Following President Obama's appearance at a town hall meeting in Elkhart today, the grass-roots group Environment America announced their support of the plan, specifically Obama's emphasis on creating clean energy jobs.
According to the group's analysis of available data on the benefits of fewer than a dozen of the clean energy and transit provisions present in the first version of Obama's plan (passed by the House of Representatives last week), those provisions would reduce global warming pollution by more than 6 percent, save more than 12 million barrels of oil per year, and create nearly 1.5 million jobs across the country.
"Clean energy should be the workhorse of Indiana's economic recovery," said LuCinda Hohmann, Environment America's Midwest regional organizer. "President Obama's recovery plan will turn a trickle of green jobs into a torrent of opportunity here in Indiana," she added.
As it was originally written, the House bill invests $80 billion in clean energy, energy efficiency and public transit. President Obama has also called for tripling alternative energy and the recovery bill invests in renewable energy incentives to bring more wind and renewable energy online in Indiana.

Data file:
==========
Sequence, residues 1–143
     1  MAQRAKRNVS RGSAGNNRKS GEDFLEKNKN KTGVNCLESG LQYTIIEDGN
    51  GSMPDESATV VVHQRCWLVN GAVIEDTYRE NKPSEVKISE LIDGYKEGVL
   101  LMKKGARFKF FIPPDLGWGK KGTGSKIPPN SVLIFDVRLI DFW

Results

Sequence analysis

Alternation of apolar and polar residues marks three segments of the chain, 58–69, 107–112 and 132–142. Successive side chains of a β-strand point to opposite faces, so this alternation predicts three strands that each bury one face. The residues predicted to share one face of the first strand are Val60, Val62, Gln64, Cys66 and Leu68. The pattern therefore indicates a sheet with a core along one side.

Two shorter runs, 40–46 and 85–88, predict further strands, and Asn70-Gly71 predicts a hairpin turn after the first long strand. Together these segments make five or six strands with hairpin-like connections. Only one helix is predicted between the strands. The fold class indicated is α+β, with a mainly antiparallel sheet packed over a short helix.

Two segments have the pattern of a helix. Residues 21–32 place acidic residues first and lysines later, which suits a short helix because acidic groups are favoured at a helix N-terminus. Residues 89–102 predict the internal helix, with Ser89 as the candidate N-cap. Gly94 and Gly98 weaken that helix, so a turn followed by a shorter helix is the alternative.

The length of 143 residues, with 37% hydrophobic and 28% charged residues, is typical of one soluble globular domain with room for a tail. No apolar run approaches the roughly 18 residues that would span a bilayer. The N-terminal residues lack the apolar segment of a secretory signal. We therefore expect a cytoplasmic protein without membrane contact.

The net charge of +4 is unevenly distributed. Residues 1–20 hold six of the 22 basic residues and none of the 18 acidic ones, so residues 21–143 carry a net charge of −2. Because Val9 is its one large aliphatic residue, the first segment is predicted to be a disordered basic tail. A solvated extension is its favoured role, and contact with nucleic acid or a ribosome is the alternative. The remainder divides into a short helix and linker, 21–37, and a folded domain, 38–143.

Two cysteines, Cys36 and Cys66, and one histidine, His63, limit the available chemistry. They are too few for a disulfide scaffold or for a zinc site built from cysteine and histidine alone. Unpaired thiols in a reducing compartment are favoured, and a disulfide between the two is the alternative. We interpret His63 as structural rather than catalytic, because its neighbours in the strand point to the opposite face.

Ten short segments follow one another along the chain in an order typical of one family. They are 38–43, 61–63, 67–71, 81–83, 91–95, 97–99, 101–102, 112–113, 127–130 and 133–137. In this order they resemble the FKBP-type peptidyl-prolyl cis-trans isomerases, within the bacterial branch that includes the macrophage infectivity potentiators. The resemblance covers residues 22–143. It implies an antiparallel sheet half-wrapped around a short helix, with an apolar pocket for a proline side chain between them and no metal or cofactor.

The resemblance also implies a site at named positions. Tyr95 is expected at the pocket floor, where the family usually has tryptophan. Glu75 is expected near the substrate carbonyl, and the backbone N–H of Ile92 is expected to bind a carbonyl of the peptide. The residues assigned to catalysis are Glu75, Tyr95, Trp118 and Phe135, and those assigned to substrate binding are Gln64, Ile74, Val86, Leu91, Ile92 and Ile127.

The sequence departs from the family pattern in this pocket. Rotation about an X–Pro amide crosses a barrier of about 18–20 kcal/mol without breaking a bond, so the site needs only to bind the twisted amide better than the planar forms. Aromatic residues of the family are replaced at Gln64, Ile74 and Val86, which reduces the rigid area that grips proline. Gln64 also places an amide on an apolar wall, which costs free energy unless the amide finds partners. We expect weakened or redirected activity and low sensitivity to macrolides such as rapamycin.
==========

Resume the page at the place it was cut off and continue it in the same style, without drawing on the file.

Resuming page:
Environment America says the plan's $6.2 billion in funding for the Weatherization Assistance Program would reduce global warming pollution by 12 million tons per year, provide at least $2.72 in economic benefits for every dollar invested, and create 465,000 new jobs over two years. The bill also contains $12 billion for public transit, which according to the Surface Transportation Policy Project, creates only a third of the pollution of automobile travel and generates 19 percent more jobs than building new highways.
"At a time when the unemployment rate is at 15.3 percent in the Elkhart-Goshen area, President Obama's recovery package will create jobs that will benefit every Hoosier. These green jobs mean more secure energy in the long term; less global warming pollution; fewer asthma attacks from air pollution; more clean lakes and rivers for drinking water, swimming and fishing, and more jobs right here at home," concluded Hohmann.